Life is finally calming down a bit to give me time for a fun blog.  In early October, Dan and I took a trip to Montana for a Rocket Mass Heater Innovators Jamboree and since that is a really long drive, we stopped partway there in a little town called Livingston, Montana.  It was so lovely I knew I’d do a blog on it to give you all a little taste of it.


Our first goal on making this trip was to have accommodations so Dan went on Airbnb and found a great place in Livingston. There are a bunch of places in town but this was one of the least expensive.   Ginger was our host and she was terrific.  The space is cozy and while the bed is really great for many – it’s a nice bed, really – it was a bit firm for me.  Dan loved it.  And she has a bunch of pillows which I loved.  There was a snack and welcome basket with a handwritten note and it just made us feel super special.  I hate to even tell you about all the wonderful things because you know how it is when someone gets your expectations up and then you’re like, “Hmmm, it was good but I was expecting more.”  But I am almost not even worried about this as Ginger does go the extra mile.

She has Netflix on the TV downstairs and, since we don’t have TV and were just pooped after driving for 12 hours+, we decided to watch a little something and found this cute show called Disjointed with Kathy Bates about an L.A. marijuana dispensary.   Here’s a review from a non-drug user at the LA Times that I found to be accurate.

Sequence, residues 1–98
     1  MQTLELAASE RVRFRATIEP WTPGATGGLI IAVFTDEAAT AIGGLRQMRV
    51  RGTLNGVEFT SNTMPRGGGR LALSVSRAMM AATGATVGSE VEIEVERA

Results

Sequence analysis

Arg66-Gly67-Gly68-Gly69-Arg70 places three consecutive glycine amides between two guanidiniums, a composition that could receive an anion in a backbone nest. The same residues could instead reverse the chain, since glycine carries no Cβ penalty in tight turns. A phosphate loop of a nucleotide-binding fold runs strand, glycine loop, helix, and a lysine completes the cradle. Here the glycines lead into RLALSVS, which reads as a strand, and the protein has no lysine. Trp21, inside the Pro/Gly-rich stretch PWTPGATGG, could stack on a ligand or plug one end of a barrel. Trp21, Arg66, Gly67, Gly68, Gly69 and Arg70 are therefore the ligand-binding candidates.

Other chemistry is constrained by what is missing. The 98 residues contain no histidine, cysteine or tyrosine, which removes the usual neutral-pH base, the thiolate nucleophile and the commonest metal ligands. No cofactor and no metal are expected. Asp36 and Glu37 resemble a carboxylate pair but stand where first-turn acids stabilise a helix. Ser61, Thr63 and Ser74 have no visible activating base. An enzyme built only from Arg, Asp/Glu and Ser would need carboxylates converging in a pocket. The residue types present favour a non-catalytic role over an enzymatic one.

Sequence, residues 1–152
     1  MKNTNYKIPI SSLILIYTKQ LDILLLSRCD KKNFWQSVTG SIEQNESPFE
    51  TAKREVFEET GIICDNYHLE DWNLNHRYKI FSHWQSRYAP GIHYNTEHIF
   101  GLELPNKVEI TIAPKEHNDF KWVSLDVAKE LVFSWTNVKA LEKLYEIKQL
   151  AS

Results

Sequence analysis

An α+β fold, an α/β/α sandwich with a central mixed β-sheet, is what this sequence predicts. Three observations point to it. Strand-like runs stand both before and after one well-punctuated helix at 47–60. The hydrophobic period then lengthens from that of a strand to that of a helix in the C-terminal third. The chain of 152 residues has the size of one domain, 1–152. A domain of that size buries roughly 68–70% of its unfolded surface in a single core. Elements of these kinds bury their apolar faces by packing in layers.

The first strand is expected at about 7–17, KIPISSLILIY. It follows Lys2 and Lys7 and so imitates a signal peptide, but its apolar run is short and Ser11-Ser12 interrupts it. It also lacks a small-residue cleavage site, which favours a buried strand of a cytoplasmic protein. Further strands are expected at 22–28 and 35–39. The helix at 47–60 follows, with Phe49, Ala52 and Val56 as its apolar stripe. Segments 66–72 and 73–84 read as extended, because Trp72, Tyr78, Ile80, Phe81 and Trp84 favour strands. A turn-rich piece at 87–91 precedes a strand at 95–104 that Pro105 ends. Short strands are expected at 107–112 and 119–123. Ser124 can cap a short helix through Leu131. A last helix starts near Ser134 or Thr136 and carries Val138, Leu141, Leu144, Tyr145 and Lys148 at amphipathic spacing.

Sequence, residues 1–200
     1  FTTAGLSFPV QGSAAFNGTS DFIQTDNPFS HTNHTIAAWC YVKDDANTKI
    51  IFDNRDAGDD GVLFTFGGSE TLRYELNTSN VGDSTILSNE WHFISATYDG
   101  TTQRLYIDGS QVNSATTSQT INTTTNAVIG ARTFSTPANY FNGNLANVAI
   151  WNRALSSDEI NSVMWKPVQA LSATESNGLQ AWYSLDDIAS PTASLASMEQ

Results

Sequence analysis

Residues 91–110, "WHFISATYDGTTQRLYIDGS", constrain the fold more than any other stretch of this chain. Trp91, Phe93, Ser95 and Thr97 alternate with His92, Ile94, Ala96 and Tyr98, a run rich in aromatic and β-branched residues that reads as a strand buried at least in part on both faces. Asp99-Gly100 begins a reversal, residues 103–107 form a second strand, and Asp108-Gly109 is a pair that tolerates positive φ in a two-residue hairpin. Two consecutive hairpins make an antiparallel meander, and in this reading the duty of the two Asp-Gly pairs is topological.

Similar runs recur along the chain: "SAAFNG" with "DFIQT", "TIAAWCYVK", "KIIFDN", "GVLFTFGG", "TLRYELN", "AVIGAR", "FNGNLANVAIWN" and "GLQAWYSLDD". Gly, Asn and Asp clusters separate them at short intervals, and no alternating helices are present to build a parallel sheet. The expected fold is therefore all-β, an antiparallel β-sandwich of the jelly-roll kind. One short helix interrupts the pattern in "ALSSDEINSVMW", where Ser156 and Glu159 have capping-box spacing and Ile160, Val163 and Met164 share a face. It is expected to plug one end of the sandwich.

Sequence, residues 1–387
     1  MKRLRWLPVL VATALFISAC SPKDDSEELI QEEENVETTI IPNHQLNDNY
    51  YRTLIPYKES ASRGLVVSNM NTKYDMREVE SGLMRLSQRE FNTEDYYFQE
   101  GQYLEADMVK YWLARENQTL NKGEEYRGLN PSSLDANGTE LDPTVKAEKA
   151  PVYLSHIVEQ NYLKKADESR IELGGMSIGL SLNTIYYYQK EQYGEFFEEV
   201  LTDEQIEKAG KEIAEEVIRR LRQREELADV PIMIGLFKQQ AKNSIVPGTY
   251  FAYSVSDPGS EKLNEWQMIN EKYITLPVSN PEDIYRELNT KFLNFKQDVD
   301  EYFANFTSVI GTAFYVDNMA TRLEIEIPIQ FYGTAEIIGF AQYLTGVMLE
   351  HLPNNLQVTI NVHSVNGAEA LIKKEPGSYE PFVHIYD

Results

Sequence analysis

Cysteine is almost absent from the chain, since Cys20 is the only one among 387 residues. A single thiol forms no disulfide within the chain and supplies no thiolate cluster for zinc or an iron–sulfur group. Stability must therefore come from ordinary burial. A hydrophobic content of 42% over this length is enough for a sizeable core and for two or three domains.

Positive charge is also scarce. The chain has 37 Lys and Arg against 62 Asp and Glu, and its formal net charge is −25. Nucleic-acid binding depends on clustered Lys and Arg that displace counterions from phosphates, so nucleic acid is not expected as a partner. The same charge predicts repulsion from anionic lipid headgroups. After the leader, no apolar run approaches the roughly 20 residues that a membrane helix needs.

When we’d told our friends Jon and Rita Koll about our trip they explained to us that Livingston is actually a really popular place with the superstars.  Apparently it’s no big deal to see a movie star enjoying dinner at the same restaurant as you.  However, we arrived on a Wednesday night and were leaving early Thursday so I did not expect to see any superstars, figuring they will be there mostly on weekends.


Having gone to bed relatively early, I got up and went for a walk to town while I let Dan, who’d done most of the driving, sleep in a bit.  As I’d been hearing trains go by, I wanted to see one up close so I headed to the Historic Train Depot and Depot Rotary Park just a couple blocks down from the BnB.  Lucky for me, there was some train activity early on a Thursday.    It was crisp at 34°F but I was layered in a couple sweatshirts and did fine – though I wished for some gloves.  I walked along Park Street (also Hwy 89 and I-90) which is the main drag along the railroad tracks through town.  I darted to my right onto Main Street and noted the temperature – missing those gloves now!


There were a bunch of little coffee shops, art/gift shops, galleries, and general town businesses.  I loved that the Montana Watch Store was located in the E. Thomas and Son Building – reminding me of my boy who always loved watches growing up.  I was thrilled to see a couple with their down on their bicycle built for three!  I missed getting a photo (but was able to crop one from the video to open this blog) so they did a U-turn on Main Street and gave me a chance for a video!!  It looks like a fun and quirky community – I was really stoked by their Community Ed poster.